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Contxto – Pop quiz! Which city is often dubbed the “Silicon Valley of Hardware?”
If you guessed Shenzhen, China, you get a cookie. Given its reputation, it’s not surprising that HAX, an international accelerator program for startups working with hardware, is in Shenzhen—and one Peruvian startup was recently accepted into the program.
For being selected, Lima-based Tumi Robotics was benefited with US$250,000 (US$100,000 in cash and US$150,000 in professional services like marketing and design to fine-tune their product). Its participation in the accelerator is being carried out remotely.
The startup told Contxto it will use the investment to fuel its marketing and sales efforts. Product development plans are also in the works.
Tumi Robotics had previously raised US$15,000 through the government program, Startup Perú, in July of last year. It also closed another US$80,000 with angel investors but bought back those shares.
Tumi Robotics’ acceleration
Tumi Robotics was officially launched in 2016. At the time, the startup was developing underwater vehicles. Though Tumi’s Founder and CEO, Francisco Cuellar, told Contxto it realized the market wasn’t mature enough yet for that type of solution.
However, in a country like Peru where mining is a central pillar of its economy, the startup unearthed a better market opportunity: robots for underground exploration, monitoring, and operations.
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It’s through this approach and Cuellar’s unplanned trip to HAX’s HQ in Shenzhen, that the startup was accepted into the accelerator. As it turned out, HAX was working closely with mining companies and Tumi’s work with robotics was right up their alley.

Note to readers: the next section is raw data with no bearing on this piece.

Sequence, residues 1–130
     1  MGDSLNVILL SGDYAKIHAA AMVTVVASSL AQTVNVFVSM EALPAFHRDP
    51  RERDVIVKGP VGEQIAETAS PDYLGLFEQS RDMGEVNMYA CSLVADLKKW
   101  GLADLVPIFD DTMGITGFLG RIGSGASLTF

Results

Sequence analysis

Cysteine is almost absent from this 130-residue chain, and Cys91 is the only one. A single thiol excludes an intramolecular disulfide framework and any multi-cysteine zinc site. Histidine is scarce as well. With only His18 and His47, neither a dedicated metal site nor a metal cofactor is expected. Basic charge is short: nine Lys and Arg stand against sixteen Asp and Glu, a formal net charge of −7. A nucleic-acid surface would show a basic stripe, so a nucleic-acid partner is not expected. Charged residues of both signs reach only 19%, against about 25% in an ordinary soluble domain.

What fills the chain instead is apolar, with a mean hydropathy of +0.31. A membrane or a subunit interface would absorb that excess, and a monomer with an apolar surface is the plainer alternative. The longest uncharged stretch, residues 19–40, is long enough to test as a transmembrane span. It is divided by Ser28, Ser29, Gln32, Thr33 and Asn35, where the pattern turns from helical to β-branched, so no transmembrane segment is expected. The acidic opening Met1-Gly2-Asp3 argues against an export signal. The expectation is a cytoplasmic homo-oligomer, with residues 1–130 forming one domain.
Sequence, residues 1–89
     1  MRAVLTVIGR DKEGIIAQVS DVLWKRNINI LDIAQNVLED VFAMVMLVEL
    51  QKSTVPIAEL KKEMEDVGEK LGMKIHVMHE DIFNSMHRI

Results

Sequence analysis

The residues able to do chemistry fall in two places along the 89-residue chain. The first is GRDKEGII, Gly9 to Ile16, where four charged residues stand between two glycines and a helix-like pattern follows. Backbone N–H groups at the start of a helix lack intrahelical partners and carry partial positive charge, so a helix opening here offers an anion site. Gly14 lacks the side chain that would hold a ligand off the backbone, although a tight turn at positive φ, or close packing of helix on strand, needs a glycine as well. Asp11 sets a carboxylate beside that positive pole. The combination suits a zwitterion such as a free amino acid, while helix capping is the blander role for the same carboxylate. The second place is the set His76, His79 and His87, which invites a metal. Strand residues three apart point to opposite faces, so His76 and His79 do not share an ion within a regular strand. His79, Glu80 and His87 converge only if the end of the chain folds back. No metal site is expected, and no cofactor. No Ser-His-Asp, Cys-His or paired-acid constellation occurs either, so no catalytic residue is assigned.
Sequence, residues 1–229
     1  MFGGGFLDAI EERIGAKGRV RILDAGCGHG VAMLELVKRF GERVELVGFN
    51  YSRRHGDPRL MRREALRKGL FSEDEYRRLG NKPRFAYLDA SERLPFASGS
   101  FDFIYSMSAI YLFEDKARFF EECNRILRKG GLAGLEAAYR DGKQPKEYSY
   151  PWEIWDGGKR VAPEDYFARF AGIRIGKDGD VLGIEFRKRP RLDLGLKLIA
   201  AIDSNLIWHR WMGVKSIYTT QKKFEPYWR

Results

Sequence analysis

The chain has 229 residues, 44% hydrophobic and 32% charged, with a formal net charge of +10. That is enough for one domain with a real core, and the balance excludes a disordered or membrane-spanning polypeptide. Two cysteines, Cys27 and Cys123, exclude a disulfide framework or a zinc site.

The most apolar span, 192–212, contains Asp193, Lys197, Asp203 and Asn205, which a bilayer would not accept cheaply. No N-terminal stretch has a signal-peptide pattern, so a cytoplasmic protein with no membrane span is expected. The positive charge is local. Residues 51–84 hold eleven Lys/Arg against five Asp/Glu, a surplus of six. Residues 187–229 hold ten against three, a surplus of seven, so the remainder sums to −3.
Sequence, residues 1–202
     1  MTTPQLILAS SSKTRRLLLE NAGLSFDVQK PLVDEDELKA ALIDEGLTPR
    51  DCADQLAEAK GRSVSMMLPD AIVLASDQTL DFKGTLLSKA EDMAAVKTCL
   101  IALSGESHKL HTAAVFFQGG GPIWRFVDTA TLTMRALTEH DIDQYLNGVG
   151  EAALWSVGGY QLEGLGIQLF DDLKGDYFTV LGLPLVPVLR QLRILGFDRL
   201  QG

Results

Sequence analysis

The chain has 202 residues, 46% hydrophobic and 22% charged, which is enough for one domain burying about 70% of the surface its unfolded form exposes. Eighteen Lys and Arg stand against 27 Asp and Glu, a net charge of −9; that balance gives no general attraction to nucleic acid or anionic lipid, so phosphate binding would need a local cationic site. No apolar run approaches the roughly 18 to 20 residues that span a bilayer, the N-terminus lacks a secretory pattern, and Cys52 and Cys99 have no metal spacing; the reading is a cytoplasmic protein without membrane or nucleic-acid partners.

The executive reports that the program has offered a great mentoring and networking experience. Moreover, for the startup the next step is to scale by snagging more sales. Further down the line, it would launch its Series A round.
Educating the ecosystem
Tumi’s CEO acknowledged that the startup ecosystem in Latin America still has a long way to go. He attributed this in large part to an educational system that hasn’t embraced innovation and prefers academia and theory.
As someone with a background in academia and experience in entrepreneurship, the Peruvian has seen both sides of the coin.
But Cuellar is certain that entrepreneurs and universities alike have a role to play in preparing students for solving real-world problems and truly disrupting Latin America.
So if you happen to be a founder and you’re reading this, go sow some seeds of your own. Give a lecture, offer a workshop… you never know who you might inspire.
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